Avil Beckford: What’s the most important business or other discovery you’ve made in the past year?
Paulette Ensign: It’s something that many people will think is an amazing grasp of the obvious and it follows on what I was just saying, that interacting with other people makes traveling the bricks of life a whole lot easier and more interesting. So if I find that I’m in my office too long, by myself without interacting, it’s not fun, it’s not interesting, it’s not creative so I think the most important thing is to have interaction with other people and it doesn’t need to be that they are in my own business, because as I mentioned, lots of great ideas come when I’m connecting with folks who are in other parts of life and may not even be in business at all. This is probably the biggest discovery I’ve made in this past year, and 2011 will be 20 years since I have been in the booklet business, so I want to impress on our readers and listeners that there is always more to learn.
Avil Beckford: What’s one of the biggest advances in your industry over the past five years?
Paulette Ensign: Knowing that my business is about tips booklets, and it has been the whole time about tips booklets. In the past five years one of the ways that I have broadened my business, has been to add on, and not substitute, another service that is a collaborative format of a tips booklet. And isn’t that interesting that I was talking just a few moments ago about the importance of interacting with other people, that this particular service that we are now doing called Collection of Experts has really been a big boon to a lot of people because there are some folks who don’t have the time or inclination to write their own booklet, and by grouping 14 people together and having fewer words for each person to come up with, and to have an immediate marketing team of 13 colleagues is what ends up happening in a collection of experts.
We’re accomplishing so many good things, with so little time and money involved and within the past five years we are finding that this offer is a boon to everybody and it has expanded the reach that each of the participants has. It has expanded their bottom line and it has been a fabulous way of connecting people to each other, and to folks who want what these people in the booklets have. That paired with the obvious expansion of the reach online has really opened up the world in a way that we haven’t experienced prior to the past handful of years. It is just hard to imagine that the thing that I get the biggest kick out of now is that with all of the focus online, one of the best ways to distinguish ourselves these days is to have printed booklets because there are fewer people doing direct mail and print. So I don’t want to get off track on your question, but it’s fun to see how old becomes new again.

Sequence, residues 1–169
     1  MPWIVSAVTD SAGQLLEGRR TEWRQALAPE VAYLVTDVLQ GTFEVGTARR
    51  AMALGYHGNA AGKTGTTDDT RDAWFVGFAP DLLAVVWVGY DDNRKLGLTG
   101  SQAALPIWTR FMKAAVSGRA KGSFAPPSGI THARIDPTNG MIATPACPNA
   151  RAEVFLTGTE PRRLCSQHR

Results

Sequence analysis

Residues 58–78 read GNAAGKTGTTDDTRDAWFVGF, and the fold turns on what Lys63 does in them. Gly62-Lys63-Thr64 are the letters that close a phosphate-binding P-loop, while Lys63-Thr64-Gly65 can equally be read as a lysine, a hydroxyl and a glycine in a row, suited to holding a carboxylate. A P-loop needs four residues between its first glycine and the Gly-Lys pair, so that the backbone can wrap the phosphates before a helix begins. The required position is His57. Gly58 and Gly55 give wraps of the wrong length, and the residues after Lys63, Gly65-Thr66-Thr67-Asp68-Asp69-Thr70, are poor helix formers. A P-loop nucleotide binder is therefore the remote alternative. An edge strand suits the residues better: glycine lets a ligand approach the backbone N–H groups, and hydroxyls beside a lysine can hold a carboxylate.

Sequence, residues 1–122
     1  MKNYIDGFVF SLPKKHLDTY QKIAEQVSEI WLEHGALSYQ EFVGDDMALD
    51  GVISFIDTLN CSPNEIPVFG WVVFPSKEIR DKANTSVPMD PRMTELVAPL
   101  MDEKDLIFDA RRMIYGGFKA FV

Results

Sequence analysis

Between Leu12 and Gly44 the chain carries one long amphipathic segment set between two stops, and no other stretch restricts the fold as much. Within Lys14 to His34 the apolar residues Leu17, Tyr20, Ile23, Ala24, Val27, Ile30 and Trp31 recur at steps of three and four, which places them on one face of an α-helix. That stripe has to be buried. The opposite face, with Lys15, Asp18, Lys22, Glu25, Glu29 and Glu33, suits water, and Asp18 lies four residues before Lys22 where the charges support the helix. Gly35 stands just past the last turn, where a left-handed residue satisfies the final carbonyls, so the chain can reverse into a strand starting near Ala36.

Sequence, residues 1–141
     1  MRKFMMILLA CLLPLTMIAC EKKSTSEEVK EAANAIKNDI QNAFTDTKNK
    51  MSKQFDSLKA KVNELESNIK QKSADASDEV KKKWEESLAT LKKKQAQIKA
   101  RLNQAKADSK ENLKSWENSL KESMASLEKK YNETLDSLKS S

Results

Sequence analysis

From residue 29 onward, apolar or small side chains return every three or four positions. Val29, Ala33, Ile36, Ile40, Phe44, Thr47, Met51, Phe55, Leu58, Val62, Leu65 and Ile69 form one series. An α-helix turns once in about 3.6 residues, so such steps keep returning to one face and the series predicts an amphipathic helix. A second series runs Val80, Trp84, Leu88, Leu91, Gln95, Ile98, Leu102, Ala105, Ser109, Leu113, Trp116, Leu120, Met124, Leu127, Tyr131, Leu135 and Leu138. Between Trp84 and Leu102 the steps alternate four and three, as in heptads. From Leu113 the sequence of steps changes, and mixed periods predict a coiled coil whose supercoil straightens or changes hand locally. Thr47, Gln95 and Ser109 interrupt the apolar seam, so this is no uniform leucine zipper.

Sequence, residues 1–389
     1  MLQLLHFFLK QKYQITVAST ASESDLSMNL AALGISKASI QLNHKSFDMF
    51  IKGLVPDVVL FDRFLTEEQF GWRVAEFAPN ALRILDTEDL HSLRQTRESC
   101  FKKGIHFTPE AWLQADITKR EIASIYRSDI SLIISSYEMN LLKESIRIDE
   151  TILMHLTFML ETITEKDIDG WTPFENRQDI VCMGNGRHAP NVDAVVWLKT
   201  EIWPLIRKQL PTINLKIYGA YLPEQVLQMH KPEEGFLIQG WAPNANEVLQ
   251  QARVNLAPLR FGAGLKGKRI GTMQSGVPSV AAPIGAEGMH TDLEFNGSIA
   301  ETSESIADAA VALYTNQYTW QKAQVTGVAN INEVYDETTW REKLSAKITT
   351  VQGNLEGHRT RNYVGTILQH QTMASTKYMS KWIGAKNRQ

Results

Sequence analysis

Avil Beckford: What are the three threats to your business, your success, and how are you handling them?
Paulette Ensign: One of the biggest threats to my business is the solitude. If I stay by myself for too long, it just shuts things down and it spirals downwards. A couple of things that I have mentioned on how I handle that is to make formal contact with other people, whether it means getting together for lunch, or creating a Mastermind Group, or having other ways to connect with other people. The Collection of Experts also connects well with people
Another one of the threats to my business is the notion that people make assumptions about what they believe is possible. I have heard others say that there is so much ignorance to stamp out that it will take many lifetimes to do so. When I have people coming to me from a traditional publishing background with that set of beliefs about selling booklets one at a time only to the end user is both an opportunity and a threat and a challenge all wrapped up in one because it takes a lot to make sure folks understand and are willing and able to move forward in the direction of selling large quantities of copies to single buyers for instance.
The third threat is the issue of how much is given away for free. People will say to me, “With all of the free information that’s available online, is there till any merit to creating a tips booklet to sell?” Very soon I am going to present a teleclass about “10 Ways it Makes Total Sense to Give Away Your Booklet to Increase Your Bottom Line,” so I’m leaning into what people are perceiving to be a challenge and turning that around and showing what a great opportunity it is because of the notion of using booklets as a promotional tool really counteracts the concern that a lot of people have expressed to me about all the information being available for free. First of all it’s not so and there is always ways to do that.